ESPN’s “First Take.” (Philly.com)
by Daniel Roberts ESPN
ESPN will cut more than 100 employees today, Yahoo Finance has learned.
That number is much bigger than the 40-50 that was initially reported. ESPN aims to notify all of the people today, if it can do so.
It has been widely reported for weeks that big cuts are coming to ESPN—so widely reported, and dissected, and gossiped about, in fact, that ESPN moved up its schedule and is notifying people earlier than it originally planned.
The 100 people getting cut are all “on-air talent,” a label ESPN uses for TV personalities, radio hosts, and writers who regularly appear on TV and radio. (ESPN says it has 1,000 such people, prior to these cuts.)
In addition to those 100, a “limited number of other positions will also be affected,” according to a note sent to all employees on Wednesday morning from ESPN president John Skipper.
A source tells Yahoo Finance the number of non-talent getting cut is indeed a “very limited” number, but nonetheless, the number is on top of the 100 on-air talents.
In his companywide memo, posted publicly, Skipper frames the cuts around a shifting content strategy. ESPN’s content strategy, he writes, “still needs to go further, faster… and as always, must be efficient and nimble. Dynamic change demands an increased focus on versatility and value, and as a result, we have been engaged in the challenging process of determining the talent—anchors, analysts, reporters, writers and those who handle play-by-play—necessary to meet those demands. We will implement changes in our talent lineup this week.”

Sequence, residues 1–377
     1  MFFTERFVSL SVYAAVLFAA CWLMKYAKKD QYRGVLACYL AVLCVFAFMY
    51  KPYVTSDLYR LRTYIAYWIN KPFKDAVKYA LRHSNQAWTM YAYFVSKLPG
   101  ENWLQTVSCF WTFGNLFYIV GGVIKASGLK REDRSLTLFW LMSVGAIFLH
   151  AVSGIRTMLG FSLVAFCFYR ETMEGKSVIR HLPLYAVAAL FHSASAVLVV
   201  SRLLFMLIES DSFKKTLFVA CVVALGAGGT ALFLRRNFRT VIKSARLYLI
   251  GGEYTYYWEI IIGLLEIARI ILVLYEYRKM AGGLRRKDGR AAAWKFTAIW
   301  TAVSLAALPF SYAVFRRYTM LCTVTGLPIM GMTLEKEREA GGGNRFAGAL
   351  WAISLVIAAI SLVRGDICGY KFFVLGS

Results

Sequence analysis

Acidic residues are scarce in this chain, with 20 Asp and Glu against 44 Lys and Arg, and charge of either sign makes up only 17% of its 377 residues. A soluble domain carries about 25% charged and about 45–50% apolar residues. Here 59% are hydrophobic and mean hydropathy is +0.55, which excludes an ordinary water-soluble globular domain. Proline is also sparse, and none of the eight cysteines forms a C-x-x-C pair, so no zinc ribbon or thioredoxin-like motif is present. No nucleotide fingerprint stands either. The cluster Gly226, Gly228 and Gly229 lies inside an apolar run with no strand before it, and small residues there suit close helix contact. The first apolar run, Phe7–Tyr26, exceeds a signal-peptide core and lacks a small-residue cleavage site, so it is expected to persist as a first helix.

The company also posted a public statement on its content strategy to its press page. The statement says that ESPN’s “content is evolving,” and that, “given how fans’ habits are changing, our focus continues to be providing high-quality, distinctive content at any minute of the day on any screen.”
As examples of success in its current strategy, the statement touts: the midnight SportsCenter hosted by Scott Van Pelt; the new 6pm SportsCenter (“The Six”) hosted by Jemele Hill and Michael Smith; the ESPN app, with “increased personalization”; and “numerous examples this year of ESPN’s multi-screen approach around big events” such as the College Football Playoff Championship and fantasy football.
ESPN also says in the statement that in May it will relaunch “two of our biggest journalism brands,” the shows Outside the Lines and E:60, with a “larger presence digitally, socially and across all our screens.”
ESPN’s subscriber numbers have dropped steadily, weighing on parent company Disney, forcing a new round of cost-cutting. When Disney demands cuts, ESPN can make those cuts however it chooses.
ESPN had major layoffs in 2015, as it did two years before that, in 2013. Both times, it cut around 300 people. This time around, the network reportedly sought to cut tens of millions of dollars, and decided that ridding itself of big expensive contracts was the way to do it.
As ESPN’s content strategy evolves and it looks to reach consumers on platforms other than traditional cable, it expects more from its on-air people than ever before. A source at ESPN frames the cuts this way: “We are focusing on people that can be versatile and appear cross-platform. If you’re making X, are you justifying that salary? It’s all about versatility.” Translation: old-school veterans that appear only on TV, and don’t do much else, may be the ones in trouble.
Of course, the problems ESPN faces are not exclusive to ESPN. It’s not news to anyone that media is a struggling business these days—print, broadcast, and digital. But sports television is especially brutal right now: programming costs keep rising, while viewership is falling. Something has to give.